For those of you returning to school this September, put fiery bounce in your bow by developing your “chop” percussion techniques on your violin, viola, cello or upright bass.
Starting as what was called the “chunk” technique and made popular by the father of Bluegrass, Bill Monroe, “chopping” has quickly become a fun and funky way for players to keep the groove moving. Bill Monroe’s fiddler Richard Greene (pictured below) further developed the “chop” technique into his own artful musical language.
Be sure to check out an excerpt from his guest appearance at the Strings Without Boundaries Summer 2016 Session in Seattle, Washington:
Whether you’ve just unboxed your new NS Violin, plugged in your acoustic for the first time, or are just ready to unleash into new territory on the instrument you already love to play, these exciting iNSights will take your playing to another level and help you stand out in any performance setting.
Chord connection fills, textural ghost notes, chopping techniques, and incorporating guitar and horn like riffs to electrify your string sound, Lieberman highlights a range of suggestions for expanding your violin’s voice using several alternative techniques.
This fourth edition includes a bonus interview with violinist Papa John Creach of Jefferson Airplane and Hot Tuna. Papa John is an exciting and unique violinist and performer that understands how to truly stand out on a stage. In the interview, he talks about how to “Get Down, Get Dirty and Give it some Guts” on your electric.
Welcome to the third edition of THE LYONN’S ROAR, “Get The Best Tone On Your Electric,” with highlighting iNSights into Choosing an Electric Instrument, Amplification and Effects, and Strings and things by Julie Lyonn Lieberman. Check out this informative article that covers all the bases of Electric String Instruments:
On Tuesday, June 28, I was in Pittsburgh, PA, at Duquesne University, representing NS Design at the Strings Without Boundaries Workshop. This is a great workshop each summer and I was really pleased to be there. As part of the day, I gave 3 presentations.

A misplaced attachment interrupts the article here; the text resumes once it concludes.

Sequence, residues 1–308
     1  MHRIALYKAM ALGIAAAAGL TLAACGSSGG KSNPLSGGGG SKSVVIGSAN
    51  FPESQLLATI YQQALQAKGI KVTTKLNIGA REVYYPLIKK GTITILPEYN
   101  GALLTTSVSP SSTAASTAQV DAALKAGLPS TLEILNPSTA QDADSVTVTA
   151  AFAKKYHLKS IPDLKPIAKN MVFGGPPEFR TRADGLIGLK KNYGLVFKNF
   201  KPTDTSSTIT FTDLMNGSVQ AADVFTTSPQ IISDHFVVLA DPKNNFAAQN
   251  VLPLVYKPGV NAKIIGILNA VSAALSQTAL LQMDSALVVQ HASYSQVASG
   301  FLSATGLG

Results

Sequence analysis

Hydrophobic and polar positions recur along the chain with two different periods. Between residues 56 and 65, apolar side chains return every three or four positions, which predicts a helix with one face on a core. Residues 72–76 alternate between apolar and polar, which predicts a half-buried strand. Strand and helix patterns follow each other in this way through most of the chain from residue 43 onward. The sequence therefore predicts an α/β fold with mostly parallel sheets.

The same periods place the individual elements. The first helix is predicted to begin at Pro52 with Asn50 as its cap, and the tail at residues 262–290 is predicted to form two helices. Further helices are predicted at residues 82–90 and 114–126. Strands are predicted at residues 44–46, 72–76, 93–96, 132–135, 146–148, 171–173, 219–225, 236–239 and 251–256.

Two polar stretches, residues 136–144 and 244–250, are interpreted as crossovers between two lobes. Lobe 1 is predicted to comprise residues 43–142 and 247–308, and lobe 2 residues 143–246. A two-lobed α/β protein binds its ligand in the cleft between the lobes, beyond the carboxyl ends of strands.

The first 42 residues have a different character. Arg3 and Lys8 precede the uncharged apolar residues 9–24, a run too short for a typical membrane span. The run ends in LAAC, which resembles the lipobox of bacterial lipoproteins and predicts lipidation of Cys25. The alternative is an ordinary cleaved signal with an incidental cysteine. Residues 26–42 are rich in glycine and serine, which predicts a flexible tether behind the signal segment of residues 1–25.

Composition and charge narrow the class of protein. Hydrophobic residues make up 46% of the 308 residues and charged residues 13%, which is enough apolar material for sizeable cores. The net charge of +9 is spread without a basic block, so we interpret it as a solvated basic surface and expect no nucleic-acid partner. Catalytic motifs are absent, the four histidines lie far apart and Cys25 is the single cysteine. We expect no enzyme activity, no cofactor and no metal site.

First, I had the opportunity to speak with the teacher-track students at the conference. This was essentially a Q and A session and we touched on the topics of recruitment for school programs using bowed electrics, the importance of good monitoring for dynamic performances, setting up electric ensembles, and the differences between active and passive instruments. Next, I gave an elective session for students on the nuts and bolts of amplification. Here, we covered some of the same topics for a totally different set of students. These included monitoring, speaker size, speaker placement, use of DI boxes and preamps and other amplification-related topics. Finally, I finished the day with an elective session of effects-processing. In this session, we really got into the nitty-gritty of reverbs, time-based effects (delays, chorus, and flangers), filter effects (phasers and wah-wahs), harmonizers and pitch shifters, looping, and distortion. We covered a bunch of vocabulary and parameters of all of these great effects as well as practical uses of all of them. If you would like to see some of my sessions on effects, check out thelessonroom.com and search “electric violins”.
All in all, Strings Without Boundaries is a great event and if you are interested in expanding your improvising and alt styles skills, I highly recommend this event. Special thanks to Julie Lyon Lieberman and Stephen Benham for inviting me to be part of the faculty this year!